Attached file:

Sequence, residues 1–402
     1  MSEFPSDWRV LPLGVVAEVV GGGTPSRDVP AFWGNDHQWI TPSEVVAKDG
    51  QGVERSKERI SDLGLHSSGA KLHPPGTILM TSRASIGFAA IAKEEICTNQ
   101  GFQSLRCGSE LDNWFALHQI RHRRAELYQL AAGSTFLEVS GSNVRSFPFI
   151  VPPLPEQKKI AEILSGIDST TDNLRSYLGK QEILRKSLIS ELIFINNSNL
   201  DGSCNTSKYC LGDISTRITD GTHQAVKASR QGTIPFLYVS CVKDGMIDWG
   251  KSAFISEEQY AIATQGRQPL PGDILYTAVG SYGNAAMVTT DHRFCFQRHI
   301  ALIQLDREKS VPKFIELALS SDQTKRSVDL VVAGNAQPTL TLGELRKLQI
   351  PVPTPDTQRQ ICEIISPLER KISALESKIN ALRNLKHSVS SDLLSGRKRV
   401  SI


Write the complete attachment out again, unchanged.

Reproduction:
Sequence, residues 1–402
     1  MSEFPSDWRV LPLGVVAEVV GGGTPSRDVP AFWGNDHQWI TPSEVVAKDG
    51  QGVERSKERI SDLGLHSSGA KLHPPGTILM TSRASIGFAA IAKEEICTNQ
   101  GFQSLRCGSE LDNWFALHQI RHRRAELYQL AAGSTFLEVS GSNVRSFPFI
   151  VPPLPEQKKI AEILSGIDST TDNLRSYLGK QEILRKSLIS ELIFINNSNL
   201  DGSCNTSKYC LGDISTRITD GTHQAVKASR QGTIPFLYVS CVKDGMIDWG
   251  KSAFISEEQY AIATQGRQPL PGDILYTAVG SYGNAAMVTT DHRFCFQRHI
   301  ALIQLDREKS VPKFIELALS SDQTKRSVDL VVAGNAQPTL TLGELRKLQI
   351  PVPTPDTQRQ ICEIISPLER KISALESKIN ALRNLKHSVS SDLLSGRKRV
   401  SI